New York

Laura Dean And Dance Company

Logiudice Gallery

Laura Dean and her dance company, who have performed alone and with Steve Reich, recently presented two performances of Dean’s Circle Dance at the LoGuidice Gallery. Ten dancers, including Dean, move clockwise and counterclockwise in circles marked on the floor, in count cycles ranging from over 500 to two beats. The dancers, equidistant from each other in each concentric circle, move with a tiny shuffling step, the resulting sound almost like stamping—1, 2, 1, 2, 1, 2—equally accented except for the slight variations of personalized syncopation. At given intervals, they change direction, beginning with the outermost dancers and progressing inward, and at the end of the piece, each dancer whirls in a fixed spot, arms outstretched, for a set number of rotations.

Dean differentiates her dance turns from the whirling dervish dances of Sufism, arguing that her choreography is less stylized in movement—her dancers can turn in either direction, leading with either foot, the arms in any position. However, in spite of the differences from religious cultism, Circle Dance is highly ritualized. The double-timed step seems like monotone chanting, while the concentration on counting, the arbitrary changes within the work, and the white worn by the dancers, all seem ceremonious. On the one hand, the dance seems to be an exercise toward a spiritual state, like saying the rosary or singing the Hare Krishna; on the other, it is similar to the formal pattern of dances done by bees in order to convey information about the direction and distance of food sources. Both instances require great stylization—institutionalized forms are essentially conservative, uniform, highly regimented, and often produce prescribed emotional states.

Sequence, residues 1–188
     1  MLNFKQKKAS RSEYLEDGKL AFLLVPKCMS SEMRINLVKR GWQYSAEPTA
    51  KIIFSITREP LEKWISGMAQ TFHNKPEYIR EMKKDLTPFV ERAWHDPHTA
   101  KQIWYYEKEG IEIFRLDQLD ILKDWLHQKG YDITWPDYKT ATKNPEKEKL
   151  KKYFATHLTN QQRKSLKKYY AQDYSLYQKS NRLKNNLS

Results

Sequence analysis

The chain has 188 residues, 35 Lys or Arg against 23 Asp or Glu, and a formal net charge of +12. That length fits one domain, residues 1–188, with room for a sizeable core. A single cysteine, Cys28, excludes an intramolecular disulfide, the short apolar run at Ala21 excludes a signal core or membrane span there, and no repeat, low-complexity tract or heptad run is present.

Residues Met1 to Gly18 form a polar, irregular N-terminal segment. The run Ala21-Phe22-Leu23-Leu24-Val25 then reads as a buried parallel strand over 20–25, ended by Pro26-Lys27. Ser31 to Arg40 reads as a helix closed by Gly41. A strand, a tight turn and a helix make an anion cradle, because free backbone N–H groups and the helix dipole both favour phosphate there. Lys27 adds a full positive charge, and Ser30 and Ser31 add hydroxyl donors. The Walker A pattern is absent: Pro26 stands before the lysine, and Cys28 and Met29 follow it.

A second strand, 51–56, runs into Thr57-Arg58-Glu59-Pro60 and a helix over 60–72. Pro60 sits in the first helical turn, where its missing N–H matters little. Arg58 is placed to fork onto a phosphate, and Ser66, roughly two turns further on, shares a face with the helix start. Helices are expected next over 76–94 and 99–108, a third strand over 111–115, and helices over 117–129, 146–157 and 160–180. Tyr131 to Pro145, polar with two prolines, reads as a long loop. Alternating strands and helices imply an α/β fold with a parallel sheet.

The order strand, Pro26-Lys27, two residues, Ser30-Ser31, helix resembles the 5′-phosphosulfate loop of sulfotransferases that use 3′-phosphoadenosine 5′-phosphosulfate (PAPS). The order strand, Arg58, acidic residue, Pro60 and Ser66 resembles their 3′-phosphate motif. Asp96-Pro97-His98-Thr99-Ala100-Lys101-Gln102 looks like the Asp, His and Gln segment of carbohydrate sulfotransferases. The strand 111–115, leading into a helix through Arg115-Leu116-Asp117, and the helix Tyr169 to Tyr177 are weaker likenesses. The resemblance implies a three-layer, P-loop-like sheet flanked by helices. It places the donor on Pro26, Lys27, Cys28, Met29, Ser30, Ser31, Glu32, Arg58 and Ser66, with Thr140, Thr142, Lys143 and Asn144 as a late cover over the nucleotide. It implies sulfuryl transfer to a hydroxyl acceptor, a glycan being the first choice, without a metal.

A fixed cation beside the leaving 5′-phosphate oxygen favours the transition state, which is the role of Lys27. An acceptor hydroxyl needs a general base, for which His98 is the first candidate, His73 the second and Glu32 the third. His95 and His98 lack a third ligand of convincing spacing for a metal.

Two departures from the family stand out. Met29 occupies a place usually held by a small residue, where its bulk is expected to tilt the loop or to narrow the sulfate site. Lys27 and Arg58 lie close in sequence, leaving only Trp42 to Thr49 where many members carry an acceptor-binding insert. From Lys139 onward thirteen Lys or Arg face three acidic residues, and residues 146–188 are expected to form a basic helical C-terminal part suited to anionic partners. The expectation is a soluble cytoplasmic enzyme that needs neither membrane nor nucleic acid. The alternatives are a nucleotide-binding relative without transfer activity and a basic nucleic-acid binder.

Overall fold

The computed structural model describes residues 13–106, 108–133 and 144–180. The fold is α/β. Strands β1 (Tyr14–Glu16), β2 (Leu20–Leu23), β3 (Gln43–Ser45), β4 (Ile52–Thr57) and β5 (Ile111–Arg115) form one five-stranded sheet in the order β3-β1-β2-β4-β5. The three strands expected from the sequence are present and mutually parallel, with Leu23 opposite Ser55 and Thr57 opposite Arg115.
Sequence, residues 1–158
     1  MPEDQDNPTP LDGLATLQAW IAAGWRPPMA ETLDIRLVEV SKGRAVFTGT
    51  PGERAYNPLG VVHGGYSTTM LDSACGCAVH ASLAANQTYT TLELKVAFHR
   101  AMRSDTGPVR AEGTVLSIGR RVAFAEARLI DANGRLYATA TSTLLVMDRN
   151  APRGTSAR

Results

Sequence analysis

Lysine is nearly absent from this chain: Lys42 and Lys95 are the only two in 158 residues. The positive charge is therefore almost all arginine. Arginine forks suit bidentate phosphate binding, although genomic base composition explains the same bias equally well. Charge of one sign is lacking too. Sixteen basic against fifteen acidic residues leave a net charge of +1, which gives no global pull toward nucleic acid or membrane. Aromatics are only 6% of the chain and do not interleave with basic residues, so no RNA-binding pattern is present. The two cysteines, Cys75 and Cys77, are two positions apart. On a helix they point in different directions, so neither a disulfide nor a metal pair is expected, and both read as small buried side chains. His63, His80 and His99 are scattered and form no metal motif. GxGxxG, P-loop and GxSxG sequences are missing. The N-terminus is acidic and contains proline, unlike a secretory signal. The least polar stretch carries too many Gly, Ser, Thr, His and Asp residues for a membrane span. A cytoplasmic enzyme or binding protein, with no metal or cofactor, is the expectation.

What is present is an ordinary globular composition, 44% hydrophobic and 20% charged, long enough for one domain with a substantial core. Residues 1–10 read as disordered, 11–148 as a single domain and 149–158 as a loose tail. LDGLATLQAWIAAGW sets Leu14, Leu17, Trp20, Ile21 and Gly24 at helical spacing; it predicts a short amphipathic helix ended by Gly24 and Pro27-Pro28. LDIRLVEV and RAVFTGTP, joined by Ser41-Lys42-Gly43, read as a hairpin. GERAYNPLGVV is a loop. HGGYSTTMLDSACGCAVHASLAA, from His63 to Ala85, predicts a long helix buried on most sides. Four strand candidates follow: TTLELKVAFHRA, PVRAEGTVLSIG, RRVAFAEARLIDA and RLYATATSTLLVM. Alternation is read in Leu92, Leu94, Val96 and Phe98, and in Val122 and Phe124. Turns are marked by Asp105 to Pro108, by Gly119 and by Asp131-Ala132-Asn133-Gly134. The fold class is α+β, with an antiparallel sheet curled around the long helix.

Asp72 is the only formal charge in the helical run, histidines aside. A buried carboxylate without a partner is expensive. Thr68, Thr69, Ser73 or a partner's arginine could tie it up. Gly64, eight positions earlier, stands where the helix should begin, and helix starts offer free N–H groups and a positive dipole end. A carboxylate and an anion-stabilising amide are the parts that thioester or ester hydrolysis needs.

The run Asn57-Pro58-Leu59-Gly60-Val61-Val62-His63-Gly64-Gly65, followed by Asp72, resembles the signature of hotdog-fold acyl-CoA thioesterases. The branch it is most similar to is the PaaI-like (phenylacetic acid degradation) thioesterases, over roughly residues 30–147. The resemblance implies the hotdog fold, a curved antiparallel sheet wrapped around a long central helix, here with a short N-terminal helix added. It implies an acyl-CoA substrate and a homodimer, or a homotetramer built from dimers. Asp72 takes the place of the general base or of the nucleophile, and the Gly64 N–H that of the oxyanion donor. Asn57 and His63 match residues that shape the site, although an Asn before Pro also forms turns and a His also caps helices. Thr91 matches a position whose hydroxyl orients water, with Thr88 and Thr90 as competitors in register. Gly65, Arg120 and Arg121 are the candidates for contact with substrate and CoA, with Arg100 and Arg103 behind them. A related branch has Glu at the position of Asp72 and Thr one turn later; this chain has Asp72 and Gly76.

Dean’s choreography is similar to contemporary work in the plastic arts which makes use of archetypical forms—circles, spheres, and processes of numbering—in an attempt to rediscover essences or sources. Much of this work seems schematized and obsessional, moralizing and self-disciplinary. Occasionally, as in the Circle Dance, the rhythms of the ritual generate a hypnotic or trancelike feeling. But if one is not a believer, fascination decreases as the pattern and variations become known. Ritualistic art is reactionary and reproductive in form and feeling, for it is severed from the evolution that occurs in phenomenological perceptual experience. For such formats to maintain a depth of content, the elements must have enough textural interest to allow many internal permutations of the system.

––Lizzie Borden